We acknowledge the Gadigal of the Eora Nation, the traditional custodians of the Country on which the Art Gallery of NSW stands.

🛈 Read about our COVID-safe plans and what you need to know before visiting.

Title

Hot & cold

circa 1991

Artist

David McDiarmid

Australia

05 Sep 1952 – 25 May 1995

No image
  • Details

    Date
    circa 1991
    Media category
    Collage
    Materials used
    collage on perspex and enamel paint on plywood
    Dimensions
    145.4 x 123.5 cm
    Credit
    Purchased with funds provided by the Patrick White Bequest 2021
    Location
    Not on display
    Accession number
    183.2021
    Copyright
    © Estate of David McDiarmid/Copyright Agency
    Artist information
    David McDiarmid

    Works in the collection

    18

    Share
  • About

    The work of David McDiarmid traverses the complex and overlapping histories of art, fashion, craft, gay liberation, music, sex, and identity politics. McDiarmid was an interdisciplinary artist who played a pivotal role in shaping Australian visual culture in the 1980s and 1990s. He was a dedicated gay liberation activist, and his personal politics were intertwined with his art. His work explored and celebrated his own sexual identity while scrutinising the stigmatisation of homosexuality.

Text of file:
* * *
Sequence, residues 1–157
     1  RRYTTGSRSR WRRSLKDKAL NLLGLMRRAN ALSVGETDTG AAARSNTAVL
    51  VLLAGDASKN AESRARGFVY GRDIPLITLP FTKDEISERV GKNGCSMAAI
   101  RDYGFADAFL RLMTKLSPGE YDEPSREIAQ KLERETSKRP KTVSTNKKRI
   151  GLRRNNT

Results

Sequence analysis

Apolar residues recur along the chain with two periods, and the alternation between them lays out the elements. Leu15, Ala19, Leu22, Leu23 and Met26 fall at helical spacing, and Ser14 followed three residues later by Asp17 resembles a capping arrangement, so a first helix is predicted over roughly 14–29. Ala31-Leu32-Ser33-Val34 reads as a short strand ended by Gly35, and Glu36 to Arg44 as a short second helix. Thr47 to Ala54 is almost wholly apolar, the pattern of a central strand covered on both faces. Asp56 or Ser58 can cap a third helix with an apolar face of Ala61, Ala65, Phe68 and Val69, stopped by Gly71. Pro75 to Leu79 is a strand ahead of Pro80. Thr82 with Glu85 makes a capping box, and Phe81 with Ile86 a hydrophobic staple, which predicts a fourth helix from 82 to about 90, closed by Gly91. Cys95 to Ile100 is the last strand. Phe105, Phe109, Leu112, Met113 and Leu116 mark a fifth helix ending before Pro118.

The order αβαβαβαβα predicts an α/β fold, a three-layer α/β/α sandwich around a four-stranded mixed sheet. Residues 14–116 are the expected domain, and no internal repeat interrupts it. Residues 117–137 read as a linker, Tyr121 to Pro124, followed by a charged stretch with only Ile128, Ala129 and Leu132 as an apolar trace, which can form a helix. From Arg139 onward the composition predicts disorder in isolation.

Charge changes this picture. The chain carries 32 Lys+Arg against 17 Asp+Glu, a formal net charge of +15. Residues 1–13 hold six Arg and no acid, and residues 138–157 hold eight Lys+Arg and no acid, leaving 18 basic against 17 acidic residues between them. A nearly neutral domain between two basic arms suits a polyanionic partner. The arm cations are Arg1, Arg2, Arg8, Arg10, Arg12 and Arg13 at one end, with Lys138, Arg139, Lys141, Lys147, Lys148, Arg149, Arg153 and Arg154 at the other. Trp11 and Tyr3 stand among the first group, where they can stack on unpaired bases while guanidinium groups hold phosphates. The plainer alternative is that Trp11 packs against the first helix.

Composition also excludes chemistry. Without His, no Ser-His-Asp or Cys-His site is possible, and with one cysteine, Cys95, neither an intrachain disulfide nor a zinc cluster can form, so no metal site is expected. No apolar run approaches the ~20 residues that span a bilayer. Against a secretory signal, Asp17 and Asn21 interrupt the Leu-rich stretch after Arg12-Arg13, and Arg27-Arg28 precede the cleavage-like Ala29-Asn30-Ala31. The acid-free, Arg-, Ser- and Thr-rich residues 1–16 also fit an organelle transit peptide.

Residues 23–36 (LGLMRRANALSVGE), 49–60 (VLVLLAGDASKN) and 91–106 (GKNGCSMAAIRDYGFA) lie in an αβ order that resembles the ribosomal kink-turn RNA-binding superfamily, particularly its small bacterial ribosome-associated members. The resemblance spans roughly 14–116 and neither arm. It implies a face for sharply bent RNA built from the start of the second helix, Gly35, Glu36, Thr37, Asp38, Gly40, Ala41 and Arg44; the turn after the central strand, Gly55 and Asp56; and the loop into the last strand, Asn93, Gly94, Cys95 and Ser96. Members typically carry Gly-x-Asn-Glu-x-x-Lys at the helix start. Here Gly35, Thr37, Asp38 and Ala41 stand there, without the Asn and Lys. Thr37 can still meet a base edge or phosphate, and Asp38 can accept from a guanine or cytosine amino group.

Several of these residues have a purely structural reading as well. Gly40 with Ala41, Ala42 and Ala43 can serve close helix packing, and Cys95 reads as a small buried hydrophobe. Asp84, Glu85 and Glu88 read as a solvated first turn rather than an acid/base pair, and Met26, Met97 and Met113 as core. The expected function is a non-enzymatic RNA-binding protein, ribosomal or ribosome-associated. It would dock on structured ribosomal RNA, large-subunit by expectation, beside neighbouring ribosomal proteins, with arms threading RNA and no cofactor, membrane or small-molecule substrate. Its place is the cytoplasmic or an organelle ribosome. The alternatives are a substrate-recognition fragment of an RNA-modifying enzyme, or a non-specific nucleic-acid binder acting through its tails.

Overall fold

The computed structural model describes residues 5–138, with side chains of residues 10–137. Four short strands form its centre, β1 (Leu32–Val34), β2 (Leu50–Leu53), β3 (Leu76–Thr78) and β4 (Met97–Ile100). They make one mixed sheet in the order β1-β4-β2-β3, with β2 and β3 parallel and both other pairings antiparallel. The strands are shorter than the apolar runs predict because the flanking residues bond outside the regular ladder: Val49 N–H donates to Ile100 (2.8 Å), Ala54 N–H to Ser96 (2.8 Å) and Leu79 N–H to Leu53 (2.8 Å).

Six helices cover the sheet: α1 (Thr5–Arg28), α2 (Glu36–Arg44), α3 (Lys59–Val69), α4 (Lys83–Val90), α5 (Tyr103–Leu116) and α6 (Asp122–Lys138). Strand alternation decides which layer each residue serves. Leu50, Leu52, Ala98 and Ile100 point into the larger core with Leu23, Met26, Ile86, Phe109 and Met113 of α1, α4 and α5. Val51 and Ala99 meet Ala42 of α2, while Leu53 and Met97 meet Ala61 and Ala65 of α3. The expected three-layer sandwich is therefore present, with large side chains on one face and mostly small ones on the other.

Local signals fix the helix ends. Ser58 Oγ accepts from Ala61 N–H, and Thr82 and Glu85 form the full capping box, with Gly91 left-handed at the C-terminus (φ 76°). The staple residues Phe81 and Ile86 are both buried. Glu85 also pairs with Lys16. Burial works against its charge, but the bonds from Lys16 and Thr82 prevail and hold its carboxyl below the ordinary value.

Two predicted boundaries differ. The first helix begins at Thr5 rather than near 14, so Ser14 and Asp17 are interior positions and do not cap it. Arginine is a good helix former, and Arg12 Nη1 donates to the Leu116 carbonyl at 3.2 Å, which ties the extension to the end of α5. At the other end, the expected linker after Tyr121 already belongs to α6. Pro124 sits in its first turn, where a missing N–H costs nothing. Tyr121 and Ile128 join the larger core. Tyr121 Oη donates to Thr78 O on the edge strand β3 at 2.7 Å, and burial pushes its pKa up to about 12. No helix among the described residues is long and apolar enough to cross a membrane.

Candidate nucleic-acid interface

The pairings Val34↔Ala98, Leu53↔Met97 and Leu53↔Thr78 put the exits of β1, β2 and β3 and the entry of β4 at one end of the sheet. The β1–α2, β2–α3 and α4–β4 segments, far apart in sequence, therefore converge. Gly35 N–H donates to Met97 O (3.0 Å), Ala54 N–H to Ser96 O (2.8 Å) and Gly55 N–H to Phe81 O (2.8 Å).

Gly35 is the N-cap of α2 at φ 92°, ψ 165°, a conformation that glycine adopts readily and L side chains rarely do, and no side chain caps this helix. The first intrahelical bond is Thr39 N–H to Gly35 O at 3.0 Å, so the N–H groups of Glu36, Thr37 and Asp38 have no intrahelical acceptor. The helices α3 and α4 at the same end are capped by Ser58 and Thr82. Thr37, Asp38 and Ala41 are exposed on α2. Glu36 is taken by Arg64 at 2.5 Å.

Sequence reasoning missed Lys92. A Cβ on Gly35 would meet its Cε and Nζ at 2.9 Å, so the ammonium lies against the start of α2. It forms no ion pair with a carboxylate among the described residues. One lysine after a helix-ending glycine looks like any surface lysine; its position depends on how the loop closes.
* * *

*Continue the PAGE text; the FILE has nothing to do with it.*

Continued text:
‘Hot & cold’ is a collage made by David McDiarmid in the early 1990s. With insignia derived from the door of a male public restroom appearing alongside a photograph of a topless man wearing a bathroom tap on a chain as a necklace, this work evokes gay male cruising culture and the language of covert signs and symbols it relies on.

    The man that appears in this work is subversive Scottish dancer Michael Clark who emerged in the 1980s as a prodigy at London’s Royal Ballet School. Since then, Clark created original and cutting-edge dance with his performances characterised by a mixture of technical rigour intersecting with experimental elements of punk, Dada, pop and rock and often collaborating with artists such as Sarah Lucas and Leigh Bowery. McDiarmid took this image of Clark, a press portrait, from a street poster, and it would later become the backdrop for McDiarmid’s 1994 Leather aphorisms series in which the portrait of the dancer is overlaid with subversive text proclamations that carry the wit and emotive charge of McDiarmid’s most seminal works.

Other works by David McDiarmid

See all 18 works